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Pietersen takes ‘English only’ Wilshere to task

South African-born England batsman confronts Arsenal football star on Twitter, making case for non-English players representing England in international sport.

The South African-born Kevin Pietersen has represented England in 99 Tests so far. Phil Noble / Reuters
The South African-born Kevin Pietersen has represented England in 99 Tests so far. Phil Noble / Reuters

LONDON // Kevin Pietersen took to Twitter to question England footballer Jack Wilshere’s belief that only English players should represent the national side.

Pietersen, born in Pietermaritzburg, South Africa to an English mother and South African father, has become a mainstay of the England cricket team and is just one match away from appearing in 100 Tests.

He is one of a number of players across several sports, including Jamaica-born footballer John Barnes, who have represented England without being born in the country, a legacy of the country’s imperial past, ‘mixed’ marriages and, more recently, greater global migration.

But Wilshere said on Tuesday: “The only people who should play for England are English people. If you live in England for five years it doesn’t make you English.”

However, Pietersen pointing to his own case and that of several other South Africa-born England cricketers as well as Somali-born double Olympic champion Mo Farah, said: “Jack Wilshere – interested to know how you define foreigner...?

“Would that include me, [Andrew] Strauss [the former England cricket captain], [Jonathan] Trott [the England batsman], [Matt] Prior [the England wicketkeeper], Justin Rose [the South Africa-born golfer], [Chris] Froome [the Kenya-born Tour de France champion], Mo Farah?”

Following a back and forth Twitter exchange Wilshere, who sparked a nationwide debate ahead of the England football team’s key World Cup qualifier against Montengero at Wembley on Friday, clarified his remarks late on Wednesday by saying: “To be clear, never said ‘born in England’ – I said English people should play for England.

“Great respect for people like KP [Kevin Pietersen], Mo Farah and Wilf Zaha – they make the country proud.

“My view on football – going to a new country when ur an adult, & because u can get a passport u play 4 that national team – I disagree.”

Earlier, the 21-year-old Wilshere insisted he had only been talking about his own sport.

“With all due respect Mr Pietersen the question was about Football! Cricket, cycling, Athletics is not my field!”

That did not satisfy Pietersen, with the 33-year-old former England captain, who replied: “Same difference.. It’s about representing your country! IN ANY SPORT!”

Wilshere’s initial remarks came against the backdrop of the English Football Association looking into the eligibility of Adnan Januzaj, the rising Manchester United winger.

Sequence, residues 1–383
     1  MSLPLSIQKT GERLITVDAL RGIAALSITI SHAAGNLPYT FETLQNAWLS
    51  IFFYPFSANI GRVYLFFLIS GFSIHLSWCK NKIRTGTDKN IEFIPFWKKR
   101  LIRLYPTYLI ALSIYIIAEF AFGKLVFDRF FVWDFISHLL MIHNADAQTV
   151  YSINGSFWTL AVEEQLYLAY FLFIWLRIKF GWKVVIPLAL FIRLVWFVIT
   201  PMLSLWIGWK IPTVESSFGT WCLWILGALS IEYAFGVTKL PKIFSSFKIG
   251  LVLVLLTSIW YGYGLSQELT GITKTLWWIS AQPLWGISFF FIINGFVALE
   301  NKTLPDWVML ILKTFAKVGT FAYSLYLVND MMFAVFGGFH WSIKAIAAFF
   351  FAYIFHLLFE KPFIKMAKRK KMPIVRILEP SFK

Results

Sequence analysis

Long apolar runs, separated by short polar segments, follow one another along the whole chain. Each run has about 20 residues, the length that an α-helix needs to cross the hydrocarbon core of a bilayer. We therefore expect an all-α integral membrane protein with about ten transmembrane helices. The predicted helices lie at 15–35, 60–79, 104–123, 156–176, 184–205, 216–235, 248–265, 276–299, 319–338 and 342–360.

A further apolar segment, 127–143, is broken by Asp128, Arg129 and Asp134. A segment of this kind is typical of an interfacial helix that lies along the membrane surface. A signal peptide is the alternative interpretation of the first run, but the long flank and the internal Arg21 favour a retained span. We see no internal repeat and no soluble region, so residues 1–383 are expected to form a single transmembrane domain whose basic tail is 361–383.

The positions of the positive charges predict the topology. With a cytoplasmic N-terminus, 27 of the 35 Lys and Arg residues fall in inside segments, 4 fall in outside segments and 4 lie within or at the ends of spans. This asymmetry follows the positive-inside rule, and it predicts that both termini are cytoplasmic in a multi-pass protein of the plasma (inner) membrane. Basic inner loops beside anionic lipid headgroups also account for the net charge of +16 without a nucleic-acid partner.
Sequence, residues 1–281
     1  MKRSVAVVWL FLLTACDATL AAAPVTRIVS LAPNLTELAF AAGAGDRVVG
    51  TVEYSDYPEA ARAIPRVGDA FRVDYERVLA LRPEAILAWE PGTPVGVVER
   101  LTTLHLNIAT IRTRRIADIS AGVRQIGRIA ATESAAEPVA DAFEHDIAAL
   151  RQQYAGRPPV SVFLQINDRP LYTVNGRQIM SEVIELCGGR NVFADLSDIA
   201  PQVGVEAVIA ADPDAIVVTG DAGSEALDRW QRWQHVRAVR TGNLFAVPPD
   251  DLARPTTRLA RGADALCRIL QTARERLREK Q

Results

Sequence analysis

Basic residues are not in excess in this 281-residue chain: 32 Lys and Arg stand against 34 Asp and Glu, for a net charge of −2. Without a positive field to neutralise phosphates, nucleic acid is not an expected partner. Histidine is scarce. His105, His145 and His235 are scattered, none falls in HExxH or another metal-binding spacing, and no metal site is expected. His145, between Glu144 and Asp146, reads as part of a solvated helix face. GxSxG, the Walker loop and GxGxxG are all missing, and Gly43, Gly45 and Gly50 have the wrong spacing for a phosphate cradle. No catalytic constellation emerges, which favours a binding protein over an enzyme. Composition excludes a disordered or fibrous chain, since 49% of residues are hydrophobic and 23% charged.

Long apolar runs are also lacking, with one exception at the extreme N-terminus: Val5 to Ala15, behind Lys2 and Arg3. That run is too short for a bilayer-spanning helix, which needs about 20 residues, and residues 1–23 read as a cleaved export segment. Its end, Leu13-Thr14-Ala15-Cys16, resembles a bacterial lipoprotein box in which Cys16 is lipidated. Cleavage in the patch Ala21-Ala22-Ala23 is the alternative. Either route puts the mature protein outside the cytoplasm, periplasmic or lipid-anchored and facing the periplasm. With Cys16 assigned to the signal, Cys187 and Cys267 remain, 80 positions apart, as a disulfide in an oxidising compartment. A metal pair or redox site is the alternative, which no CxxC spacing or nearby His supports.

The Belgium-born winger Januzaj can play for the country of his birth, Albania, Kosovo, Serbia and Turkey and the 18 year old could also one day represent England on residency grounds.

Wilshere said having foreign-born players in the team risked diluting the essential character of the side.

“You think of England and you think they are brave and they tackle hard. We have to remember that,” he said.

Wilshere’s view was backed by Alan Shearer, the former England football captain, who told the BBC: “I am of the opinion that to be English you should be born in England...Adnan Januzaj looks a fantastic young talent.

“But just because you’ve lived in England for five years that doesn’t mean you can play for the national team.”

However, the English FA chairman Greg Dyke, said Wilshere had gone too far and that were his view to be enforced Farah would have never have run for Great Britain at last year’s London Olympics.

“The idea that somebody who is not born in this country cannot play here is not real, but how long should they be here?,” said Dyke.

“But then you’ve got to look at what Fifa say, what are the Fifa rules on it?

“The FA are looking at what we think is appropriate and that is now what we are going through the process of.”

Many overseas-born sportsmen and women representing British teams are sensitive to suggestions they are not as committed as their ‘local’ colleagues and are flying a ‘flag of convenience’.

The issue of player eligibility is not just one for English sport.

Fawad Ahmed, the Pakistan-born leg-spinner, became an Australian citizen this year, having previously been an asylum-seeker, and in August he made his international debut for his adopted country.

Meanwhile, Germany’s squad at the 2010 football World Cup in South Africa contained several players born outside the country.

sports@thenational.ae